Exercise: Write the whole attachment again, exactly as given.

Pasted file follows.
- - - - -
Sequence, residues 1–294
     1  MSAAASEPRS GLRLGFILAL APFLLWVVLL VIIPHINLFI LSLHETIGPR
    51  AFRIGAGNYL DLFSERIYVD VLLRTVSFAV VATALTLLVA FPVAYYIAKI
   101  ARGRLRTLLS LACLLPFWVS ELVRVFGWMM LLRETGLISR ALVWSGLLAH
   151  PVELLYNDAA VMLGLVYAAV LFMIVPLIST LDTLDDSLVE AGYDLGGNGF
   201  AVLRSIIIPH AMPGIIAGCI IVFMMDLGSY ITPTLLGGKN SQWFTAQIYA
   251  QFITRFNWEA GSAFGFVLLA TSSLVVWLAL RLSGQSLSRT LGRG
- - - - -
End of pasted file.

Sequence, residues 1–294
     1  MSAAASEPRS GLRLGFILAL APFLLWVVLL VIIPHINLFI LSLHETIGPR
    51  AFRIGAGNYL DLFSERIYVD VLLRTVSFAV VATALTLLVA FPVAYYIAKI
   101  ARGRLRTLLS LACLLPFWVS ELVRVFGWMM LLRETGLISR ALVWSGLLAH
   151  PVELLYNDAA VMLGLVYAAV LFMIVPLIST LDTLDDSLVE AGYDLGGNGF
   201  AVLRSIIIPH AMPGIIAGCI IVFMMDLGSY ITPTLLGGKN SQWFTAQIYA
   251  QFITRFNWEA GSAFGFVLLA TSSLVVWLAL RLSGQSLSRT LGRG